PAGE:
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ASP.NET MVC Core: The Good Parts

MVC 6 should be out any day, so we need to be prepared.

The good thing is, it’s all very similar to MVC 5; the even better thing is, it got better! A couple of ways it is so cool, in my mind, are:

  • Most of the stuff is very similar to what we had: controllers, views, mostly work the same way;

  • MVC and Web API have been merged together, so it’s not really any different add an API controller that returns JSON or an MVC controller that returns an HTML view;

  • All of its code is available in GitHub , and you can even contribute to it;

  • It is now cross-platform, meaning, you will be able to deploy your web app to Linux (even as a Docker container) and Mac (if you use .NET Core);

  • It is very modular: you only add to your project the Nuget packages you really need;

  • It now uses service providers to resolve all of its features; you do not need to know the static location of properties, like, ControllerBuilder.Current , GlobalFilters.Filters , etc; the boilerplate configuration in the Startup class is pretty easy to follow and change;

  • The default template has Bower , NPM and Gulp support out of the box;

  • No need to explicitly add attribute routing, it is built-in by default;

  • We have a better separation of contents and code, in the form of the wwwroot folder to which servable contents are moved;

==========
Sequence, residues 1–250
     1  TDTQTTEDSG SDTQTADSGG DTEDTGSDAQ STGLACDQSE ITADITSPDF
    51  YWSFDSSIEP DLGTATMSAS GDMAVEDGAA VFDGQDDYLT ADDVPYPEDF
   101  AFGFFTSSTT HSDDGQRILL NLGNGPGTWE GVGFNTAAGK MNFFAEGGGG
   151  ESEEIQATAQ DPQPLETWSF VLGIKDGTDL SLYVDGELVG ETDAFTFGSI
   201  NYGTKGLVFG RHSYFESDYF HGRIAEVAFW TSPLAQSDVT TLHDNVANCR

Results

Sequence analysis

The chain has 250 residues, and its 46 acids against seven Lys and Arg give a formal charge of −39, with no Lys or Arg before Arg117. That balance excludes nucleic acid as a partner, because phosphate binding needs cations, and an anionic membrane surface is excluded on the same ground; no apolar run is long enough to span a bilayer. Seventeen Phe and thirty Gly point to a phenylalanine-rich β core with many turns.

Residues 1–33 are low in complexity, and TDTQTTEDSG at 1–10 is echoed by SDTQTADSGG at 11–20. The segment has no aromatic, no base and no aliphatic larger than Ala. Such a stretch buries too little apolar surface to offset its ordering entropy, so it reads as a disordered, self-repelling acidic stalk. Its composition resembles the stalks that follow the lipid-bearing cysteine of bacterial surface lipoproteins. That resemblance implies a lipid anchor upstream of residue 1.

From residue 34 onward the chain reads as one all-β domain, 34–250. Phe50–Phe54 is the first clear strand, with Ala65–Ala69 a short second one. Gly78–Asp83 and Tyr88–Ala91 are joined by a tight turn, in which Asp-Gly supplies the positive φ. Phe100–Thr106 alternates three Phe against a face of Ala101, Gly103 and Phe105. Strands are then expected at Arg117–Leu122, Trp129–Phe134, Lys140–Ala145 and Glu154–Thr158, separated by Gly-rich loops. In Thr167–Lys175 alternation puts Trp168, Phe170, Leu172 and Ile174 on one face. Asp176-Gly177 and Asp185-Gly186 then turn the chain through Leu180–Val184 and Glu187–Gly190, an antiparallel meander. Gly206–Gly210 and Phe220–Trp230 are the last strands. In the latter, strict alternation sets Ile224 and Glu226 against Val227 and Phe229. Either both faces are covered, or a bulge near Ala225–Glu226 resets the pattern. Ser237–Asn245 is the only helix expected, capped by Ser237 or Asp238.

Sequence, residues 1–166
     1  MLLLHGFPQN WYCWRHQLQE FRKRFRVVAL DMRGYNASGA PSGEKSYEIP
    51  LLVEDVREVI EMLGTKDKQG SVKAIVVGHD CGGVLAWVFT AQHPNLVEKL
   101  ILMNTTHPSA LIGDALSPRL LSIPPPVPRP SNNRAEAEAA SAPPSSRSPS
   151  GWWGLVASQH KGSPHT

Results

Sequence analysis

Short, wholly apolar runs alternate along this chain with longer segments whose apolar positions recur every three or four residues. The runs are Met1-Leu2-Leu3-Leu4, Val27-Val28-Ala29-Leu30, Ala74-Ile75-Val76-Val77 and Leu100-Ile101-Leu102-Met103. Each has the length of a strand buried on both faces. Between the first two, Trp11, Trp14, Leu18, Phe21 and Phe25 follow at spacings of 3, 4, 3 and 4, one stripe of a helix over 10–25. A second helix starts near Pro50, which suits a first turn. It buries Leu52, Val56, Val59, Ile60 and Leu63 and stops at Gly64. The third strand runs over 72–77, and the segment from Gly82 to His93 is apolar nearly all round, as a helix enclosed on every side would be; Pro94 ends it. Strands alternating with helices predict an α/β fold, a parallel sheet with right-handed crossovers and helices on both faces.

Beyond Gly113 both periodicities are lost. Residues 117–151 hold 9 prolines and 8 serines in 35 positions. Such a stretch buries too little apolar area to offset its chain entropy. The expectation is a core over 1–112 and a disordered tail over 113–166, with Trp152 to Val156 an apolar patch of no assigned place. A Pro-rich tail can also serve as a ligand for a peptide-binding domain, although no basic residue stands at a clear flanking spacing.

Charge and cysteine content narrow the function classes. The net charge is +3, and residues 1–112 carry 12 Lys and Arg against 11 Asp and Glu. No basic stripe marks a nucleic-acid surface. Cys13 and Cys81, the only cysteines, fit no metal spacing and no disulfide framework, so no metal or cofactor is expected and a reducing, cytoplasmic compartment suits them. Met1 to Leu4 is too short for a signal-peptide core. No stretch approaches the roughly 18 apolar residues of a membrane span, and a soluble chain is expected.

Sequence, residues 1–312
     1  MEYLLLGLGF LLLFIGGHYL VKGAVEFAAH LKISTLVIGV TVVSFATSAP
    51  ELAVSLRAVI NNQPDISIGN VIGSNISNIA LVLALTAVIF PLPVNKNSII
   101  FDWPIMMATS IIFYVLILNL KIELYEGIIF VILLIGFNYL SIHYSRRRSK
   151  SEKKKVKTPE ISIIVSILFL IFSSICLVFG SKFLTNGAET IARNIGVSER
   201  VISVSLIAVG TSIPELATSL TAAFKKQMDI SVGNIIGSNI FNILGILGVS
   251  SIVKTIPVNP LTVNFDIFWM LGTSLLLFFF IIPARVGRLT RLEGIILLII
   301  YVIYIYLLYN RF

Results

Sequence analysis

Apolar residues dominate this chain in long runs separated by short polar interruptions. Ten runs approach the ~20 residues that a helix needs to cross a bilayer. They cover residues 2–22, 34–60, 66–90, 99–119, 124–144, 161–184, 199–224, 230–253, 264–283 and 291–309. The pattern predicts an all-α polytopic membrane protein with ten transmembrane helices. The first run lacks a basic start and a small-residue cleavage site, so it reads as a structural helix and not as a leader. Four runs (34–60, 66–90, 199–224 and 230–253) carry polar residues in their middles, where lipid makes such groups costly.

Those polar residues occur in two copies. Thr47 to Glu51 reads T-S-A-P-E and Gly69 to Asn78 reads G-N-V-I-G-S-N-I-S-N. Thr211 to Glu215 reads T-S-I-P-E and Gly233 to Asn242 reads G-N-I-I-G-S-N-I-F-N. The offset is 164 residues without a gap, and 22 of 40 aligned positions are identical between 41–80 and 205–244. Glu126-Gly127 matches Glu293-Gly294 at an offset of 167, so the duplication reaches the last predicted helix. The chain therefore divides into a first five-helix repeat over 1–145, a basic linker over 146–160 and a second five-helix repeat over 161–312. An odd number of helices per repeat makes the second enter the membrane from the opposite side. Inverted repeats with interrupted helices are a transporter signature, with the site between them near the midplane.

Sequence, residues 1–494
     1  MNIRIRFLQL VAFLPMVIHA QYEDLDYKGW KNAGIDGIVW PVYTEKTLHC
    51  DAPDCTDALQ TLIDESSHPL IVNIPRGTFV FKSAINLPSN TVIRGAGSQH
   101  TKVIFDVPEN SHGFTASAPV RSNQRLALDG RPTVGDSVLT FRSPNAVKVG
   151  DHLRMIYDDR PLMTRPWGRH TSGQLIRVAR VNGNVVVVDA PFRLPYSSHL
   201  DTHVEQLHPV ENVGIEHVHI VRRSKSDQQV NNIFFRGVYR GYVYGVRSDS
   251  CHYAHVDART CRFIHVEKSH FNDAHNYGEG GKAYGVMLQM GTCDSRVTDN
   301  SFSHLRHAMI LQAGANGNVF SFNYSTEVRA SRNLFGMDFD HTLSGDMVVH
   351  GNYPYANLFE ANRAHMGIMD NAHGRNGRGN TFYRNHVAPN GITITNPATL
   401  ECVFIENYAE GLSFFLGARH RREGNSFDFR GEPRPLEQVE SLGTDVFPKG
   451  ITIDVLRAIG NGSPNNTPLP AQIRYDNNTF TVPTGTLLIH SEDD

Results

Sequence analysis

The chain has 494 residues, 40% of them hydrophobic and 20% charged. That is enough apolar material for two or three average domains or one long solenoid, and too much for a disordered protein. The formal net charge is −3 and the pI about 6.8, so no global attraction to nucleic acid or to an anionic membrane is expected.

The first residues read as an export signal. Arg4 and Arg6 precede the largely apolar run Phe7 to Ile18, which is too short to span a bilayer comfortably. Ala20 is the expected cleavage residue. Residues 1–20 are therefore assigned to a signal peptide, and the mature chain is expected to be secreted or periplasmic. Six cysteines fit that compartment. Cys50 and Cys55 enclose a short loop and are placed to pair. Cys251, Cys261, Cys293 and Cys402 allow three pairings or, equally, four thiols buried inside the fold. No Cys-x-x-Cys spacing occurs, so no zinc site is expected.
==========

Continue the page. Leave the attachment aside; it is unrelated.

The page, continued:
• Logging is injected, as are most of the services we need, or we can easily add our own without the need to add any IoC library; even filters can come from IoC;

  • It is now possible to have our Razor pages inherit from a custom class, have custom functions defined in Razor (by the way, do not use it!) and inject components into it;

  • View components andtag helpers are a really cool addition;

  • The new OWIN -based pipeline that is now ASP.NET is much more extensible and easy to understand than System.Web-based ASP.NET used to be;

  • This one is a corollary from the latter: Web.config is gone; let’s face it, it was a big beast, so it’s better to just drop it.

On the other hand, we will need to learn a lot of new stuff, namely, a whole lot of new interfaces and base classes to use. Also, it may sometimes be a bit tricky to find out which Nuget package contains that specific API we’re after. And because there is no more System.Web , all of the infrastructure management is very different. Finally, not all the libraries we’re used to will be immediately available for .NET Core, but that’s really not a problem with ASP.NET Core itself.

All in all, I think it is a good thing! I’ll be talking more on ASP.NET Core, so stay tuned!

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